Cameras as Evidence: What does it mean for Ushahidians?

Deep in the mountains of Italy, Centro d’Ompio, we sat in a circle brainstorming Cameras as Evidence. What would it take to collect a good and actionable citizen report using photos or video? Lead by Chris Michael of Witness, we discussed and brainstormed. The Witness team and some of the participants have amazing experience in building human rights cases. Inspired by the beautiful setting for Info Activism Camp, we collectively pulled out all the stops to consider how we can help activists and citizen reporters create valuable and usable content for their mandates. While our session aim was not tool specific (e.g.Ushahidi), it remains very applicable for Ushahidians: our software, our community.

cameras in baskets

(Photo by Heather Leson, Venice Biennale. Art by Magdalena Campos-Pons)

3.0, Rich media content: Categories and custom forms

Some Ushahidi deployers use the power of rich media content, including video to give voice and document their projects. As we journey down the 3.0 road, we are thinking about how to improve.

The path to building 3.0 is very much considering how should categories be used and how can we make custom forms as flexible as possible. See our current discussion about the future of categories on the developers mailing list. This is a critical juncture, so you input will help us serve you better.

People are using both categories and custom forms to drive their data colletions missions. We’ve seen items that could be either a category or a custom form item. To be honest, I think that sometimes people use categories as work-around because custom forms have sometimes been buggy or are hard to use.

I will say that I am grappling with the different Ushahidi users – those who want to collect and analysis data and those who simply want to file a report. As you can imagine, this is a balance. Our community has discussed too many categories, very unclean/unclear data in the past.

If you are collecting videos and/or photos as part of an evidence-based project, here are some of the recommended data points to consider:

  • Title (useful)
  • Description
  • Location/GeoCode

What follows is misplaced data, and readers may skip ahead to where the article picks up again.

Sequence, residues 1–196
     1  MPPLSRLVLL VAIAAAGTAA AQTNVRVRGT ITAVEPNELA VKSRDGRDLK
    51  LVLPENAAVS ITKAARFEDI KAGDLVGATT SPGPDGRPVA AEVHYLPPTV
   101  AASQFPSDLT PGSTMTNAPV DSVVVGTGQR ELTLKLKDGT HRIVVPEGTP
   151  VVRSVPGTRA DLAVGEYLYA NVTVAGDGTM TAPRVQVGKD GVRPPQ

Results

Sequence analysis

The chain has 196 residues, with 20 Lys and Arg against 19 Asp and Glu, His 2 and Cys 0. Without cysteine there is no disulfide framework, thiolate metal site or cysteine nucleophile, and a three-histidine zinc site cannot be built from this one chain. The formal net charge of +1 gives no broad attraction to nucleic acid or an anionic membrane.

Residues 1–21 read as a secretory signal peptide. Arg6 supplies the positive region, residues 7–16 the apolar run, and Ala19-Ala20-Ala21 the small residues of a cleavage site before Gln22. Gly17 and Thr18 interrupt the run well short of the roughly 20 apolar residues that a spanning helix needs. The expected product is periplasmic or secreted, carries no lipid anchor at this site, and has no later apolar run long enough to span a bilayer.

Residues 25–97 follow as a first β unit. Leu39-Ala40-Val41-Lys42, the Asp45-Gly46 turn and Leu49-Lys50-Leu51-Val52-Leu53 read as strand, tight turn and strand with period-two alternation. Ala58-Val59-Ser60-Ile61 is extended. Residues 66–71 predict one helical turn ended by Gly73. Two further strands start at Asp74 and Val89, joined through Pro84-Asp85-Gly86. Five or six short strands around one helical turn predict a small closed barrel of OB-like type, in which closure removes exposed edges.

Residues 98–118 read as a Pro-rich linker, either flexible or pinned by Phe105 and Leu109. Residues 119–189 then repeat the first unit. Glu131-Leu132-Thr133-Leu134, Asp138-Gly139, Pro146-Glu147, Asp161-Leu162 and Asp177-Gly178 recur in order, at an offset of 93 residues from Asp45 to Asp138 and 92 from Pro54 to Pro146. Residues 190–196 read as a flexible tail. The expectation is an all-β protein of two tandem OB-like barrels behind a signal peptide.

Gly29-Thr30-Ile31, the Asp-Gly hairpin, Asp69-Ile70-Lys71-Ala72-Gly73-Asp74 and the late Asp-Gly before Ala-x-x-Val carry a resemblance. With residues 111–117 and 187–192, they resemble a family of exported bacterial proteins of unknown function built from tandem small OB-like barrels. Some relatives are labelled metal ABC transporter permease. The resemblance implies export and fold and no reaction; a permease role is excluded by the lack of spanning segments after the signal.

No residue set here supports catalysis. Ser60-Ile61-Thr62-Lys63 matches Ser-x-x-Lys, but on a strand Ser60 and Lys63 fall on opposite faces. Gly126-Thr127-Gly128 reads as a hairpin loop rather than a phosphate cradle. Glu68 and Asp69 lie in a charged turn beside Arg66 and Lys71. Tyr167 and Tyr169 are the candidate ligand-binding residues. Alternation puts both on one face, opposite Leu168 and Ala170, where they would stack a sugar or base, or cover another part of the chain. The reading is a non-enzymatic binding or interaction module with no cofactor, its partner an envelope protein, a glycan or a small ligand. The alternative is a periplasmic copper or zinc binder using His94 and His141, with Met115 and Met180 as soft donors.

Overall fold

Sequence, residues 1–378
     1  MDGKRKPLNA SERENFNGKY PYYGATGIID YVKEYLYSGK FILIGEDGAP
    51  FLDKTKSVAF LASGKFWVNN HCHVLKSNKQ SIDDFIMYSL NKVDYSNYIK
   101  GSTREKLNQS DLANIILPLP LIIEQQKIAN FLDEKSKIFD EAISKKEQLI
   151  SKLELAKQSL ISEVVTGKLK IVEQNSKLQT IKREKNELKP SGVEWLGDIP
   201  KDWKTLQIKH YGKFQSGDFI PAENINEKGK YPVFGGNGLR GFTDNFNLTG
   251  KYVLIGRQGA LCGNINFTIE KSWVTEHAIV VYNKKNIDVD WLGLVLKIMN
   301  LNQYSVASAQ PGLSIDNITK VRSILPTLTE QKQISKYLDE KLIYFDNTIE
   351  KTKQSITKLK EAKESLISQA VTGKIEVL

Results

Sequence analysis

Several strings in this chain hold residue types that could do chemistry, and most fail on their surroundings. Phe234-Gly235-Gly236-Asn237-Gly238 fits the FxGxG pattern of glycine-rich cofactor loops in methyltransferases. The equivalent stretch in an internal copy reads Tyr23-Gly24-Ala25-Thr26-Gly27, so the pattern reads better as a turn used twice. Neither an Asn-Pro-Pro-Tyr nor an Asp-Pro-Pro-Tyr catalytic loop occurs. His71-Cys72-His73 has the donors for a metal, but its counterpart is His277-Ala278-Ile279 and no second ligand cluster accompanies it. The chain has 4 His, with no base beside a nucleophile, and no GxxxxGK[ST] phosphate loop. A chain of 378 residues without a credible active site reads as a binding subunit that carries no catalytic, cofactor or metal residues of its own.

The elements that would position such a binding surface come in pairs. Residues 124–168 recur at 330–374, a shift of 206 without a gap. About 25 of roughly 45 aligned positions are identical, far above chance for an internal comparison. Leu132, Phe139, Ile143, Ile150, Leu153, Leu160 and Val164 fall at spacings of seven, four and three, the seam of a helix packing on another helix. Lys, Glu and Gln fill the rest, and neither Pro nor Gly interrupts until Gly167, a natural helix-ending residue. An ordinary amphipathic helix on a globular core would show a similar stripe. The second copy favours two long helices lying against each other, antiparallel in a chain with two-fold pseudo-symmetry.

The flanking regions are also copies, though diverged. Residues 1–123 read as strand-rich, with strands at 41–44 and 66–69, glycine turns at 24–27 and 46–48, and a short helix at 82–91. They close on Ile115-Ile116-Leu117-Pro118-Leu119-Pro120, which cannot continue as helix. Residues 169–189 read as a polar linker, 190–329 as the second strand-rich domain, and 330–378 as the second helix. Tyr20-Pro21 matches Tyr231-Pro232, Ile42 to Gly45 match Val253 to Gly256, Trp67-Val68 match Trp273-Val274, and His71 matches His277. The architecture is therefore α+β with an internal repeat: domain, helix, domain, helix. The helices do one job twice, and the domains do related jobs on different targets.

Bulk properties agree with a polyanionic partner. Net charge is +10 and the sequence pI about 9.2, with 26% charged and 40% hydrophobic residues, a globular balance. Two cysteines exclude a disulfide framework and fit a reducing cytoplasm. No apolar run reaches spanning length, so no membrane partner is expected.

• Time and Date
  • Time point Highlights
  • Reference or corroborating information
  • License (use, consent, eg. creative commons)
  • Chain of Custody
  • visual geolocation (land marks)
  • clock, timeline, length
  • context – before and after
  • violations
  • weapons – materials
  • identification of people in footage, groups involved
  • other contextual videos
  • verbal information – context, language
  • security concerns
  • other filmakers
  • translator – references
  • timeline
  • details, serial #, clothes, id, tattoos, wounds
  • length of video
  • filmaker name and contact details
  • device details
  • surrounding scenes
  • locations of all involved
  • original video
  • bitrot – is it playable
  • posting information – all, originals, copies
  • missing clips, edited?
  • transcribed?
  • file format
  • resolution
  • frame rate
  • livestreaming?
  • who has it been sent to, who has the files, where to share and not to share
    purpose of video? – eg. change situation, document, share, influence, action
  • Unique id
  • categorization by file
  • sound quality, notes about sound (eg. guns, shouting, tone)

Alright, that list makes me contemplate: how are we going to incorporate this without scaring off reporters? How can we make video useful as part of the map mandate?

What do you think? What is missing? Do you think we should have a suggested custom form for video reports?

Some resources

Ushahidi Toolkits
Witness Toolkits

Thanks to Tactical Tech Collective for bringing us together to collaborate.

One Response to “Cameras as Evidence: What does it mean for Ushahidians?”

  1. Hi Heather:
    Can’t begin to keep up with you these days – seems like you’re everywhere at once!

    The list of data points is certainly daunting, particularly for a first time or casual post. I’m wondering which items are considered absolutely necessary and which fall into the “nice to have” category. I would suspect the majority of videos and imagery would be originating on mobile phones which would provide some relatively standard parameters.

    Perhaps a hierarchy or “layering” approach could be crafted for individuals submitting imagery that starts with a basic list of default settings, permissions, etc. Individuals could accept the default settings or click down to increasing levels of detail.

    If an individual is a “trusted source” and they are likely to use the same equipment, permissions, etc. on a consistent basis perhaps they could save their settings in the form of “preferences”. If someone is required to sign in to post a report their permissions and preferences could be tied to their post and the appropriate options presented to them.

    Obviously, this approach might dissuade someone from casually posting a report however a set of conservative (i.e. restrictive) default permissions and appropriate disclaimers for unverified material might allow individuals to post while informing those considering using the information fair warning to be careful.

    Just some thoughts.